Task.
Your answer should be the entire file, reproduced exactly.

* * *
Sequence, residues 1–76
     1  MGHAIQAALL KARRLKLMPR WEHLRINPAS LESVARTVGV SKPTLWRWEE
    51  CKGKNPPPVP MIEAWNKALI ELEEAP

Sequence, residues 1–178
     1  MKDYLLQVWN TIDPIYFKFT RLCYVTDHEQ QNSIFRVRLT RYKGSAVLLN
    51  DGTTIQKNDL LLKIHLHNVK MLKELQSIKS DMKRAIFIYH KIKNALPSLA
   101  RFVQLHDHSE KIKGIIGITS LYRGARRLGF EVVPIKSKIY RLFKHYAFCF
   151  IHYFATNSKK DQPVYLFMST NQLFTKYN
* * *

Sequence, residues 1–76
     1  MGHAIQAALL KARRLKLMPR WEHLRINPAS LESVARTVGV SKPTLWRWEE
    51  CKGKNPPPVP MIEAWNKALI ELEEAP

Sequence, residues 1–178
     1  MKDYLLQVWN TIDPIYFKFT RLCYVTDHEQ QNSIFRVRLT RYKGSAVLLN
    51  DGTTIQKNDL LLKIHLHNVK MLKELQSIKS DMKRAIFIYH KIKNALPSLA
   101  RFVQLHDHSE KIKGIIGITS LYRGARRLGF EVVPIKSKIY RLFKHYAFCF
   151  IHYFATNSKK DQPVYLFMST NQLFTKYN